New agency aims to improve flow of anti-terror information

A new federal organization has the daunting task of convincing secretive organizations such as the CIA, FBI and Defense Intelligence Agency to share information.

The Bush administration last week announced the creation of a new U.S. information agency designed to improve the flow of information among the various intelligence and law enforcement agencies involved in the war on terrorism.

Details of the new agency remain scarce, but it is headed by former National Security Adviser John Poindexter, who holds a doctorate in information technology and has long pushed for greater data flow among pertinent agencies, officials said yesterday.

The agency has several goals, among them to solve the cultural problem of getting secretive organizations such as the CIA, FBI and Defense Intelligence Agency to share information, officials said.

Representatives from these organizations are currently "working like crazy" to create a new supercomputer system that would make it easier for them and the other 30 federal agencies that collect classified data to cull and share information, a U.S. official said last week.

"It's not going as well as it could. We're looking for ways to improve," Special Assistant to the President Frank Cilluffo told Global Security Newswire after delivering a speech at a bioterrorism conference.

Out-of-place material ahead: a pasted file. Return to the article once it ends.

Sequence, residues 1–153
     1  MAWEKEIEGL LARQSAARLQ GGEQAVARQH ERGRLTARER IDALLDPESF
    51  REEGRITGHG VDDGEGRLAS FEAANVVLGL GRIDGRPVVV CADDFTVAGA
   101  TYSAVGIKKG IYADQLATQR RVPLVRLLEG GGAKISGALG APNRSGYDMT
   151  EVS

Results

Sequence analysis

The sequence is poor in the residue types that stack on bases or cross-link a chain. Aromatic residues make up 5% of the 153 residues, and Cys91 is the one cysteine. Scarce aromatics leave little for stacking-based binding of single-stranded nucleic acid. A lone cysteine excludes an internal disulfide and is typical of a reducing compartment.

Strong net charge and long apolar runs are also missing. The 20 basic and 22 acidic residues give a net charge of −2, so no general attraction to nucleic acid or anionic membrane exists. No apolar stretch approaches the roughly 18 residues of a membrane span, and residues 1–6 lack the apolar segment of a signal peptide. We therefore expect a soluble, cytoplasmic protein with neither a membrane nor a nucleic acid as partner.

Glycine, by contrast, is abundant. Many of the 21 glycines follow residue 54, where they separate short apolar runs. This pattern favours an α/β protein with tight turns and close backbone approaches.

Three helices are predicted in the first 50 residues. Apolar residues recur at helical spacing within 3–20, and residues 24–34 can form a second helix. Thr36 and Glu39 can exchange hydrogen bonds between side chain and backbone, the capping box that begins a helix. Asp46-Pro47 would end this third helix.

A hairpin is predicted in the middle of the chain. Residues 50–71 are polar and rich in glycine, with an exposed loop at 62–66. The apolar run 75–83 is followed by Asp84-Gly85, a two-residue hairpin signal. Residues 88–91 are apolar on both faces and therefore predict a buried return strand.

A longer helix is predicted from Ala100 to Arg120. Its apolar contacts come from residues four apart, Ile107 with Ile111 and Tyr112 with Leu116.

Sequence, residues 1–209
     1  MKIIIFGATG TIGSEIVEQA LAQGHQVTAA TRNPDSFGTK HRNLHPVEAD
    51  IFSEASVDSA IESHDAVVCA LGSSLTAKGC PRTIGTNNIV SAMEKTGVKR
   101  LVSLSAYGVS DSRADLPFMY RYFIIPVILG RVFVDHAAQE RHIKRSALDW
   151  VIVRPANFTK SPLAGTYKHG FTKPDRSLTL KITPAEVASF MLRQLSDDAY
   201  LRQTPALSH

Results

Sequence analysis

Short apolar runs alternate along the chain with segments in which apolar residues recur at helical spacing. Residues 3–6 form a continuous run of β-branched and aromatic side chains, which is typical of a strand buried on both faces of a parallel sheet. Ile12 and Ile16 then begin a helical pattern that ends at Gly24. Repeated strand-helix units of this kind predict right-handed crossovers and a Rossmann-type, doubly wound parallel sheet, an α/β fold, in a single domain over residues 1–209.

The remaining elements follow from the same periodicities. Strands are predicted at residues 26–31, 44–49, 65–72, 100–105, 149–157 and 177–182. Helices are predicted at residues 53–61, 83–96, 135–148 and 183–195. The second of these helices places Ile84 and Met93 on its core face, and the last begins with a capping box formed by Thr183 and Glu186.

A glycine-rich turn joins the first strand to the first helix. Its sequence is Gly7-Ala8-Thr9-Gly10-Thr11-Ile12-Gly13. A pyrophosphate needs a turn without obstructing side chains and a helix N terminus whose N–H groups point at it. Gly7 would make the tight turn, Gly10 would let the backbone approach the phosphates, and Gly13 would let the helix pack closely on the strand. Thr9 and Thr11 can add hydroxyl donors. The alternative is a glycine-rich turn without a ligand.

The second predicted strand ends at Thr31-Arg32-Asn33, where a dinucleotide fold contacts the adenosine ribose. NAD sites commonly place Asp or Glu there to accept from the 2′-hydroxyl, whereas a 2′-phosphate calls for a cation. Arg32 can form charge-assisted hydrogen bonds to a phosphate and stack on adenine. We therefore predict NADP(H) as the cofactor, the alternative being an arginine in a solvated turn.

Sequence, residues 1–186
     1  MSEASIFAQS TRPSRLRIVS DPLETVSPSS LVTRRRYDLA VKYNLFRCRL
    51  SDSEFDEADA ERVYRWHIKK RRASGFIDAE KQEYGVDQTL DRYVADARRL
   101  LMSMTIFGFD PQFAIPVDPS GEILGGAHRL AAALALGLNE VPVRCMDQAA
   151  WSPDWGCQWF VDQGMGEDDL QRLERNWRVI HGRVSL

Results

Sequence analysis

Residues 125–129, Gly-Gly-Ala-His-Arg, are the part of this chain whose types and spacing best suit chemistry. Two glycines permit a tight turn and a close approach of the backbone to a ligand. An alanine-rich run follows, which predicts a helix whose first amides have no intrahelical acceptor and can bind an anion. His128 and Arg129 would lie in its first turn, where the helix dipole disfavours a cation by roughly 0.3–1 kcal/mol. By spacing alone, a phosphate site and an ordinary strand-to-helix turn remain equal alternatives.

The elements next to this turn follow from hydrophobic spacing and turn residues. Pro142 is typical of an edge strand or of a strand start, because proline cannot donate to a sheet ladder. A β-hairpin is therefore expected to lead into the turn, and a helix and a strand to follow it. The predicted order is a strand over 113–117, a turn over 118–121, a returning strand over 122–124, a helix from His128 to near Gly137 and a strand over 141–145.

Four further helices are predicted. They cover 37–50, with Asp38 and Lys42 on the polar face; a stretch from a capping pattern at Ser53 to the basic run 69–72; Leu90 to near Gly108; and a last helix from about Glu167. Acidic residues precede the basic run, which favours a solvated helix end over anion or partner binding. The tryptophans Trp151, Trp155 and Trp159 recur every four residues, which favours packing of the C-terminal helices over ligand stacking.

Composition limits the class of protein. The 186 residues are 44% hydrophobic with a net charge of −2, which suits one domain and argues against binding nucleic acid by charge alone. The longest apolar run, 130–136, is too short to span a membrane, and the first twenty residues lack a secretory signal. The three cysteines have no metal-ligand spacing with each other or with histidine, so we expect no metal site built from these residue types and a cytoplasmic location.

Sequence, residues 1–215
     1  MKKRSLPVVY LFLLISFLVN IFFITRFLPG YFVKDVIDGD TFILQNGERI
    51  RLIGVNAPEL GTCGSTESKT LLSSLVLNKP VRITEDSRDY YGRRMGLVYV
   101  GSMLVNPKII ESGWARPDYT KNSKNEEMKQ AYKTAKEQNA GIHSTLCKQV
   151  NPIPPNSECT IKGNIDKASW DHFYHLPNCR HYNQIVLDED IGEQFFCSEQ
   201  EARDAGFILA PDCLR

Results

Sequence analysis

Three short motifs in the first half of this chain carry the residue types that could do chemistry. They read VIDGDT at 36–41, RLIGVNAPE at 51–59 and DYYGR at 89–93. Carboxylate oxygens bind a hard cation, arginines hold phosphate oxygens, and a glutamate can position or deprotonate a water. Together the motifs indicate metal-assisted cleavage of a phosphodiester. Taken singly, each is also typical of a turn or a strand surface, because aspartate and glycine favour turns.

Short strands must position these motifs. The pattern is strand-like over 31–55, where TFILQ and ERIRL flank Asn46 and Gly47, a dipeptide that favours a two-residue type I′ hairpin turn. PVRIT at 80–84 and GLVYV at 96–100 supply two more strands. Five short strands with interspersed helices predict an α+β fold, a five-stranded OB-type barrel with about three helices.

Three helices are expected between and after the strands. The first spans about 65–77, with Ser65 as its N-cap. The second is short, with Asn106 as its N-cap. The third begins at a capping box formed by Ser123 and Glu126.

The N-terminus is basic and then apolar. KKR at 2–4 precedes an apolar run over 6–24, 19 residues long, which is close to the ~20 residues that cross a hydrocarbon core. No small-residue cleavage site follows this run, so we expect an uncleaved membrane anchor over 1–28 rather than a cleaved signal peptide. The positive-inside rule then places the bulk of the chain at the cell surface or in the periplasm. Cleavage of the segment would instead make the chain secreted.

"We are coming up with ways to fuse the information so as not to jeopardize the sources and methods," from which the data was obtained, Cilluffo said. "It's a push-pull process. There is no easy answer."

A major hurdle, he said, is persuading the CIA, FBI and a host of other secretive agencies to not only open up and share information, but to understand each other's needs--hence, each other's cultures.

Currently the Customs Service and other organizations on the front lines of the war on terrorism are not linked to the databases of the CIA--a gap the new agency wants to fill to prevent more terrorists from entering the United States.

Getting the CIA, DIA and other intelligences agencies to work in harmony with the FBI, Customs and other law enforcement agencies is a difficult task due to their different mindsets, Cilluffo said.

"One wants to string [suspects] up and the other wants to string them along," he said.